The White House on Thursday released an ambitious national cybersecurity strategy that calls for new federal regulation of vulnerable critical infrastructure firms and for software makers to be held liable when their products leave gaping holes for hackers to exploit.
The strategy – shaped by major hacking incidents that threatened key public services in the first year of the Biden administration – embraces the US government’s regulatory and purchasing power to force companies that are critical to economic and national security to raise their cyber defenses.
“We ask individuals, small businesses and local government to shoulder a significant burden for defending us all. This isn’t just unfair, it’s ineffective,” Acting National Cyber Director Kemba Walden told reporters Wednesday. “This strategy asks more of industry, but also commits more from the government.”
The strategy is a policy document and not law, but it could shape corporate behavior for years to come as firms compete for billions of dollars in federal contracts that increasingly require a minimum set of cybersecurity defenses. And the White House says it wants to work with Congress to develop legislation that holds software makers liable when their products and services don’t provide adequate protections from sabotage.
The goal of US government and corporate work on cybersecurity should be to “correct market failures, minimize the harms from cyber incidents to society’s most vulnerable,” a copy of the strategy states.
The strategy does not specify which sectors of the economy the administration could regulate next, but US officials have previously signaled that one area of focus could be health care. Ransomware attacks – hacks that lock up computer systems and demand a fee – have put an even greater stress on hospitals across the country struggling with the coronavirus pandemic.
So far, the Biden administration has imposed cybersecurity requirements on sectors such as aviation and oil and gas pipelines. The genesis for those regulations in many ways was a May 2021 ransomware attack by an alleged Russian-speaking hacker that shut down 5,500 miles of fuel pipelines in the US for days.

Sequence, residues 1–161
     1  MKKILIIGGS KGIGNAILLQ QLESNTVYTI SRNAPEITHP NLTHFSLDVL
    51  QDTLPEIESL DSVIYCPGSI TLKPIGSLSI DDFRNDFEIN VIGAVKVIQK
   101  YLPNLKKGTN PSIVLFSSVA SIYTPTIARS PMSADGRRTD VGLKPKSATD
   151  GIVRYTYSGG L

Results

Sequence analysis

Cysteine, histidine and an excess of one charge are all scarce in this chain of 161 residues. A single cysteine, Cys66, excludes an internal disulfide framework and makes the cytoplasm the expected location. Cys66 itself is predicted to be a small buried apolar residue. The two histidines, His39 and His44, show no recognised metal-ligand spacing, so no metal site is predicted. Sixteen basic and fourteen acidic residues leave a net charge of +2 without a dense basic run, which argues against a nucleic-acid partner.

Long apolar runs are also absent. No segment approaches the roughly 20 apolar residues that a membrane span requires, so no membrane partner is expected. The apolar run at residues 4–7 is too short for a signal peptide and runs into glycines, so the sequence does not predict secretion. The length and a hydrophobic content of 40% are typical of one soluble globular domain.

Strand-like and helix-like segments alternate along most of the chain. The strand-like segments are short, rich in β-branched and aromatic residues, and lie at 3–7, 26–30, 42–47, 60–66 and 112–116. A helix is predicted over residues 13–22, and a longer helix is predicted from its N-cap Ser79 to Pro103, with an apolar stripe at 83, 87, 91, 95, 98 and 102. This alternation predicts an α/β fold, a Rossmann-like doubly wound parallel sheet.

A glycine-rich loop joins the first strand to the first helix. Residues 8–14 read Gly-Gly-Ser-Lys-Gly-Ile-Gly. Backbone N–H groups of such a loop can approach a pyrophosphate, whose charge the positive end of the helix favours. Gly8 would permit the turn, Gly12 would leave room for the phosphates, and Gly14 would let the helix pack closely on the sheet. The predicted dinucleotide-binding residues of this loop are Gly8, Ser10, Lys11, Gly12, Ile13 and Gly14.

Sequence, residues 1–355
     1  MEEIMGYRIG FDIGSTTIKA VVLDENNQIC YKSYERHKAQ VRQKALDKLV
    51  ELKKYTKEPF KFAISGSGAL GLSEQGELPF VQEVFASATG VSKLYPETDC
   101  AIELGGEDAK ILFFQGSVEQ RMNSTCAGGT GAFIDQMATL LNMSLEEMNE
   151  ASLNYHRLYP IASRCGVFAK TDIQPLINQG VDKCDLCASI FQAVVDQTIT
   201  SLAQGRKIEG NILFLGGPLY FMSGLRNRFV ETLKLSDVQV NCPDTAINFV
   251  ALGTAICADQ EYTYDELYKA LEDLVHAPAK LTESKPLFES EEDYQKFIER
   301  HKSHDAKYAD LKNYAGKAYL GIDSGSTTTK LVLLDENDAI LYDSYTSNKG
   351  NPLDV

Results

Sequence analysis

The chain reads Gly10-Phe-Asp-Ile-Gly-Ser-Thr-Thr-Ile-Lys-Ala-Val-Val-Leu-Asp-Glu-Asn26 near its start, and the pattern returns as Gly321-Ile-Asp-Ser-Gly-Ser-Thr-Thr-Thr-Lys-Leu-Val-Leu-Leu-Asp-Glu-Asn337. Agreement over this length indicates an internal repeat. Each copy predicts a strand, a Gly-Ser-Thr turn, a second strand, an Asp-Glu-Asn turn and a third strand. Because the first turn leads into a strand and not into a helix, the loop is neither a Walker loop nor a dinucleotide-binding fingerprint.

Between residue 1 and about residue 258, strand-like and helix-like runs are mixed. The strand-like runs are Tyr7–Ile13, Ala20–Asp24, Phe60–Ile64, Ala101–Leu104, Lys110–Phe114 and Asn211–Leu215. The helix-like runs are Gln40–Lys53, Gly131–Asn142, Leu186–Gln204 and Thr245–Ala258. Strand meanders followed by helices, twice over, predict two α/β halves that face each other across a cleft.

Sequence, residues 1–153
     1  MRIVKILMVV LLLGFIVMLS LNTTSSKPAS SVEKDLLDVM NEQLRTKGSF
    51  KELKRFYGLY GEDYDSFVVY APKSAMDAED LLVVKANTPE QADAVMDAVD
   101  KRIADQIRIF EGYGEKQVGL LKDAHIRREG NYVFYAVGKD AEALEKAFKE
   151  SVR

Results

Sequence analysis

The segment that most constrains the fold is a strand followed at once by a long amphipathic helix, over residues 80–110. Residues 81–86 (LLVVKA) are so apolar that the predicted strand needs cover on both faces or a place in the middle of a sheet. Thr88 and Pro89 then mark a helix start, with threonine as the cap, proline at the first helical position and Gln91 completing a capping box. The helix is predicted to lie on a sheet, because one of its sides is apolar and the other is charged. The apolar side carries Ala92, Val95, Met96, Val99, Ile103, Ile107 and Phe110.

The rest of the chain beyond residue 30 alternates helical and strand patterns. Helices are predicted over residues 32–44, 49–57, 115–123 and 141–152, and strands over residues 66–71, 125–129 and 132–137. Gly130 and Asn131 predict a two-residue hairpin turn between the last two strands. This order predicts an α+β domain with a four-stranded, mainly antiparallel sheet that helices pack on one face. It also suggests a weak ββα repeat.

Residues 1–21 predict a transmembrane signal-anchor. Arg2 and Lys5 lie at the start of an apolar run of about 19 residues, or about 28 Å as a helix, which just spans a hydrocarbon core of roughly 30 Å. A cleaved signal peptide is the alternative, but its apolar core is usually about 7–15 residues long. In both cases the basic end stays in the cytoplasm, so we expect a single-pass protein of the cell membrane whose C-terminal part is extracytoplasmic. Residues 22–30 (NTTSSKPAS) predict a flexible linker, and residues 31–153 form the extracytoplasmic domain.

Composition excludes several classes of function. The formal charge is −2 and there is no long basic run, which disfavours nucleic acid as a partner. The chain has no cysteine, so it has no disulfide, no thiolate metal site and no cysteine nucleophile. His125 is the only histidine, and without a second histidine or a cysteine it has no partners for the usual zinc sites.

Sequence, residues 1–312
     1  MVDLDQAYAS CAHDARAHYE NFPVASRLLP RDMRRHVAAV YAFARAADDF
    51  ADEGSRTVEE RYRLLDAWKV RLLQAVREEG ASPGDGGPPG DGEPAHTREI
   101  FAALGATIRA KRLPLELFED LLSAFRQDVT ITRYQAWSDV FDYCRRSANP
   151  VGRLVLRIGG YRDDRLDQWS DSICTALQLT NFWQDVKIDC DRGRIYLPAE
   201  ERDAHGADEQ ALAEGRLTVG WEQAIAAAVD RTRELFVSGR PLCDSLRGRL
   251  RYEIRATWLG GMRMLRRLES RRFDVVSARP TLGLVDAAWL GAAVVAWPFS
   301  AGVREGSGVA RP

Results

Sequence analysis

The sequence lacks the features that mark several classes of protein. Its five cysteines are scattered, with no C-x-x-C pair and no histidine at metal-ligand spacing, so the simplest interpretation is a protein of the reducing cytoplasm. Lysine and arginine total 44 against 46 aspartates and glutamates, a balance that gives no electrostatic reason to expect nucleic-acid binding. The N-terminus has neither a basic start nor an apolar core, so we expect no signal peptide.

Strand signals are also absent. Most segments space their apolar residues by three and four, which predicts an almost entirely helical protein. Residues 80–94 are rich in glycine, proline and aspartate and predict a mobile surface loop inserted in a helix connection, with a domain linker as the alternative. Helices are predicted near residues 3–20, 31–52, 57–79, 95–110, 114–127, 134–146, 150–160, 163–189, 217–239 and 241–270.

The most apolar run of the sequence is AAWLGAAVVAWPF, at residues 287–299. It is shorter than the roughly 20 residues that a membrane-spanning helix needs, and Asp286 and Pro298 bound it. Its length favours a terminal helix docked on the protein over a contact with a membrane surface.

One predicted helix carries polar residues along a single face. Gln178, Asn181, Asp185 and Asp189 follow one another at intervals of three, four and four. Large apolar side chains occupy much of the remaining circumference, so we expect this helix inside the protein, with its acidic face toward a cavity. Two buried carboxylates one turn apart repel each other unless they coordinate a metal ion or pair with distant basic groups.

Corporations have sometimes balked at the regulations.
After oil and gas industry groups complained that cybersecurity regulations from the Transportation Security Administration were too onerous and unrealistic, the Biden administration last year revised the regulations to give pipeline operators more time to report cyber incidents to the government.
Multiple administrations, including the Trump and Obama administrations, have tried to shore up federal defenses against hacking threats and in some cases drive big changes that make agencies safer in the long term.
There has been some progress. Agencies now have more visibility into malicious cyber activity than ever before, officials say.
But in other cases, bureaucratic inertia has gotten in the way. The Government Accountability Office, a federal watchdog, says it has made over 700 public recommendations for federal agencies to improve their cyber defenses since 2010. About a fifth of the recommendations had not been implemented as of December, according to GAO.
Geopolitics is also a roadblock. The US has for years tried to blunt the impacts of hacking operations from Russia, China, Iran and North Korea, to limited effect. And US officials have accused all of those governments of harboring, or even enlisting, cybercriminals that attack US organizations – accusations those governments deny.
After the big pipeline hack in 2021, President Joe Biden made a big push to get Russian President Vladimir Putin to crack down on cybercriminals operating from Russia. But any chances of bilateral cooperation on cybercrime have dimmed after Russia’s full-scale invasion of Ukraine a year ago.
A senior administration official acknowledged the obstacle when rolling out the new cybersecurity strategy.
“We do have a problem where Russia is serving as a de facto safe haven for cybercrime,” the official told reporters.
This content was originally published here.